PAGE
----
With the toppings ready to go, we rolled out the dough as thin as possible. The dough cradled the blend of toppings—a few potato slices, a dollop of caramelized onions and a generous sprinkling of Gruyere. Folding the dough up around the edges gave the galettes a rustic touch.
These smelled amazing while they were baking up in the oven. Stephanie and her mum had prepared a nice lunch for us, but I have to admit, as stuffed as I was from lunch, I gobbled up my galette later that afternoon! It just smelled too good to let it sit!
Stephanie’s classes are always a lot of fun—you never feel any pressure that you’ll get the recipe wrong or you’ll be quizzed at the end. It’s really all about having fun and exploring your baking skills. Stephanie encourages her students to eschew fancy tools and just use your hands, really connecting you to the food you make.
Want to try out some of the recipes for yourself? Sign up for one of Stephanie’s classes. Her next class, Redefining Homemade, is this Saturday, June 25. The class is from 10:00 to 3:00 at Happy Girl Kitchen (173 Central Avenue, Pacific Grove). Cost is $110 per person, and includes a light lunch.
Can’t make it to her next class? Check out Stephanie’s blog for more baking tips and recipes, including the sweet potato biscuit recipe. And if you’ve stuck with me this far, here’s a reward for you—the recipe for potato galettes!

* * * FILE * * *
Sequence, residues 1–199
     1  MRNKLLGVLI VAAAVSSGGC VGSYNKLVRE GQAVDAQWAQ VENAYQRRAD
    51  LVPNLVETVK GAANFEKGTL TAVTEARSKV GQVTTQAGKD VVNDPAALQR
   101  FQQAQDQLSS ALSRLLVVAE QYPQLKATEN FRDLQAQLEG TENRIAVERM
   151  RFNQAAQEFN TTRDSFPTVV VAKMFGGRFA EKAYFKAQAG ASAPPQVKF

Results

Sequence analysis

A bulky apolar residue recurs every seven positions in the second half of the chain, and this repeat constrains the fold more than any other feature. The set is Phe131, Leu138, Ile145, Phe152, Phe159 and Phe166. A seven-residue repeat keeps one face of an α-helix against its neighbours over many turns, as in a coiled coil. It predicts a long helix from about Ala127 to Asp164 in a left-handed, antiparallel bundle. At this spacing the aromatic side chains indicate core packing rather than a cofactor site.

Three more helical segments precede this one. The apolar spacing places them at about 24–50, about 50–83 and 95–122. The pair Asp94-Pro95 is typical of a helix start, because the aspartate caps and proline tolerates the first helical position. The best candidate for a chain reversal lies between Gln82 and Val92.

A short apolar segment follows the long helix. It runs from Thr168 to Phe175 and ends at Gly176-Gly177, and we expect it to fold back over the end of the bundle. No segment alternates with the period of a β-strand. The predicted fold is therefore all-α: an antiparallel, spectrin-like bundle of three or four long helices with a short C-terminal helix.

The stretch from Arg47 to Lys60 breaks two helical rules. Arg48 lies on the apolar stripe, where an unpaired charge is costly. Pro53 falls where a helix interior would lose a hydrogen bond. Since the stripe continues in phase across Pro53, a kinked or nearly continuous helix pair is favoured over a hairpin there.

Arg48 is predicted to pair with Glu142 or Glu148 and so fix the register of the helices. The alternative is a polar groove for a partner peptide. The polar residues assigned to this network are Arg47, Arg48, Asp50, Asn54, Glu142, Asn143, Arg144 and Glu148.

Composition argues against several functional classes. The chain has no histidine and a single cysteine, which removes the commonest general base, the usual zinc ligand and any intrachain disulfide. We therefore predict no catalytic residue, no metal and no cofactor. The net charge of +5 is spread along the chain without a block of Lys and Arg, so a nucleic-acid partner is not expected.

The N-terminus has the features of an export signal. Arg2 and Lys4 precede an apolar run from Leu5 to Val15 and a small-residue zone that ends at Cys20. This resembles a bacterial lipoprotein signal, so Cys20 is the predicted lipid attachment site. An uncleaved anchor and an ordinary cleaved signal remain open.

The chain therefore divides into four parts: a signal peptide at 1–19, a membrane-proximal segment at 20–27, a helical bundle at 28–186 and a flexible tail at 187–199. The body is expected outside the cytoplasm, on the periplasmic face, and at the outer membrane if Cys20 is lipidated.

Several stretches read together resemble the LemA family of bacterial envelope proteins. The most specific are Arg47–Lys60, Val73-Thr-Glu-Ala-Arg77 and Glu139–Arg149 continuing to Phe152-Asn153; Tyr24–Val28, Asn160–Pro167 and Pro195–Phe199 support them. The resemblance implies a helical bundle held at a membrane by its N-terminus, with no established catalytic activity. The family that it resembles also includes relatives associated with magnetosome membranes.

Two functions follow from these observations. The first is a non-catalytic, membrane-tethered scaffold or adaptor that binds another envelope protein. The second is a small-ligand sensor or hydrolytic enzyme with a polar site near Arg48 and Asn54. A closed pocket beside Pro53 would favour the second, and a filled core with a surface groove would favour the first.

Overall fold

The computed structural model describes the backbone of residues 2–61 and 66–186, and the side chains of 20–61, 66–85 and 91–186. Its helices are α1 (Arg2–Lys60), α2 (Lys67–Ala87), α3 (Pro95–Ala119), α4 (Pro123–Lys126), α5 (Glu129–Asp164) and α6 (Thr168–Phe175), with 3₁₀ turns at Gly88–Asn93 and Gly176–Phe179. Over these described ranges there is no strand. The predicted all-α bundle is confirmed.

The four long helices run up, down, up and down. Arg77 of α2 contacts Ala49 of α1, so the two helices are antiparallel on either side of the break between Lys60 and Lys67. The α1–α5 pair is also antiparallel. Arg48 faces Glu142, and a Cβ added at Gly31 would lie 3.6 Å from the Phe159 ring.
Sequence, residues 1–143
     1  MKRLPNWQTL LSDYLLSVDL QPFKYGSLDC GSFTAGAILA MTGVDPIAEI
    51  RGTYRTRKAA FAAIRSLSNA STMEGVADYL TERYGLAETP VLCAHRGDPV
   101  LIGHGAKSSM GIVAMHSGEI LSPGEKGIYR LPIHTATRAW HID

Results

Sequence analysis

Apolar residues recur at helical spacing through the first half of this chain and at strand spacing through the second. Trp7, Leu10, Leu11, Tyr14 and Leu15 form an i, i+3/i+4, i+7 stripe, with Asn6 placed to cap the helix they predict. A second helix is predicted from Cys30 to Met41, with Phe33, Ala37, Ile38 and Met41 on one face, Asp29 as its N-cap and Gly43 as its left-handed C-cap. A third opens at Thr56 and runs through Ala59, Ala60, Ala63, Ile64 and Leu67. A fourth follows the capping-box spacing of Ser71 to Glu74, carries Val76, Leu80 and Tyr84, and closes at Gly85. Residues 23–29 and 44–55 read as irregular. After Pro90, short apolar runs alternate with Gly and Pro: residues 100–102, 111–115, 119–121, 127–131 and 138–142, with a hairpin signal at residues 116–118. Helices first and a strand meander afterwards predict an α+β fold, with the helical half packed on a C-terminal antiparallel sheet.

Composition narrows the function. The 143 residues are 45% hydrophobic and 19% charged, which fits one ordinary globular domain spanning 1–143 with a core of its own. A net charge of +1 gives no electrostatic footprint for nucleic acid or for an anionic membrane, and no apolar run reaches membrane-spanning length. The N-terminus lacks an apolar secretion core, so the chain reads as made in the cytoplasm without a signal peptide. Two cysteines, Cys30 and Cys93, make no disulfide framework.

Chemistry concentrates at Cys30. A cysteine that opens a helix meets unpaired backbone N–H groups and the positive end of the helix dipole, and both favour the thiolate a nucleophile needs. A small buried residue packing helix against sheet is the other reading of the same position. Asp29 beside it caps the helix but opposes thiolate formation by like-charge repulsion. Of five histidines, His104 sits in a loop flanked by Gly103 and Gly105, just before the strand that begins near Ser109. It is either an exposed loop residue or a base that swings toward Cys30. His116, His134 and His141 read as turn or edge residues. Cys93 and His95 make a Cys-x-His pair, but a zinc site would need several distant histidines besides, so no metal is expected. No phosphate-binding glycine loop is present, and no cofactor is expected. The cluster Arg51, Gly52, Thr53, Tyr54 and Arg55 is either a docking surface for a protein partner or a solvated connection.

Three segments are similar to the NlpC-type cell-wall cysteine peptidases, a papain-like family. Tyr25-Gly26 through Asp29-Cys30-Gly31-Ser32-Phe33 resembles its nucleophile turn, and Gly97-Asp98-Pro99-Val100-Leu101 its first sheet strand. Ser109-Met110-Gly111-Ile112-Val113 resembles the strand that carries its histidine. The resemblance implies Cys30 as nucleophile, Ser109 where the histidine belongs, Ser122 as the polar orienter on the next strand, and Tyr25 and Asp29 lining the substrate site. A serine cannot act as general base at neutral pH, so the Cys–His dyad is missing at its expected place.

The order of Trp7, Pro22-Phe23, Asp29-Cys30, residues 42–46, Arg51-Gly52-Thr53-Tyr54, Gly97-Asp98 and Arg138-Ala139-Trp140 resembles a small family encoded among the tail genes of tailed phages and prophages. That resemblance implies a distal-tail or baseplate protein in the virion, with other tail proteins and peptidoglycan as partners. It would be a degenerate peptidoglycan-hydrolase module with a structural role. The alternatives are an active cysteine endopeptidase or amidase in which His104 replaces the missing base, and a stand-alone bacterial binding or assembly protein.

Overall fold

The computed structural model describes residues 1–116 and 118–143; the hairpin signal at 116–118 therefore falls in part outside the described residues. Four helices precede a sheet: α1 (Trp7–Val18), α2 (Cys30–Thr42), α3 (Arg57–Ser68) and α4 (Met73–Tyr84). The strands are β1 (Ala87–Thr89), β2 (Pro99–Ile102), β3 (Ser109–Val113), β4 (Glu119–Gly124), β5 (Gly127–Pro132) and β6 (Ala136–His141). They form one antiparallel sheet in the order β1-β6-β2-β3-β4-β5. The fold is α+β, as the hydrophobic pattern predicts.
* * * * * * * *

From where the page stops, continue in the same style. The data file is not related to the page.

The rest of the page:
Caramelized onion, potato and Gruyere galette
¾ cup all purpose flour
¼ cup whole spelt flour
1 ½ teaspoons salt
¼ teaspoon baking powder
4 tablespoons unsalted butter, chilled
3 tablespoons of sour cream
¼ cup chilled water
minced herbs, optional
caramelized onions (see recipe below)
½ cup sliced Gruyere cheese
1 potato, thinly sliced
2 tablespoons olive oil
Sea salt and pepper, to taste
Preheat oven to 425 degrees Fahrenheit. In a small bowl, combine the flours, salt and baking powder. Take the chilled butter and cut it into the dry mixture so that it resembles small pebbles or oats. Try and handle the dough as little as possible to keep the butter cold. Add the sour cream and the chilled water a little at a time to reach desired consistency, so the dough forms a ball but isn’t sticky. Stir until just combined. The key with this dough is to maintain the shape of the little pebble-like butter pieces—they will have a nice and flaky finish. Refrigerate dough for approximately 15 minutes.
Take your sliced potatoes and place them in a bowl with a pinch of salt, the minced rosemary, and 2 tablespoons of olive oil. Set aside.
After your dough is done chilling, flour a work surface. Take a two inch ball of dough and roll it out so it is very thin. Place a bit of flour in the center of your dough and start piling on the fillings. First goes the potatoes, then the cheese, and finally a bit of caramelized onion. Make sure to leave plenty of dough surrounding your fillings so you can fold the edges up. When you are ready take the excess dough and fold it up towards the center, creasing as you go. Each individual galette will have its own character . . . so give yours your own personal touch!
Slide onto a prepared baking sheet with parchment paper and bake for about 20 minutes or until golden brown and crispy. Let cool and enjoy!
2 onions, chopped
1 teaspoon fennel seed
2 table spoons olive oil
2 teaspoons balsamic vinegar
Heat the olive oil and fennel seeds over medium heat. After about 2 minutes add the chopped onions. Stir the onions to they are covered in oil and let reduce for about 15 to 20 minutes. You can reduce the heat slightly and occasionally stir so they do not burn. After the onions look nice and caramely, add your balsamic and cook for another couple minutes. Yum and done.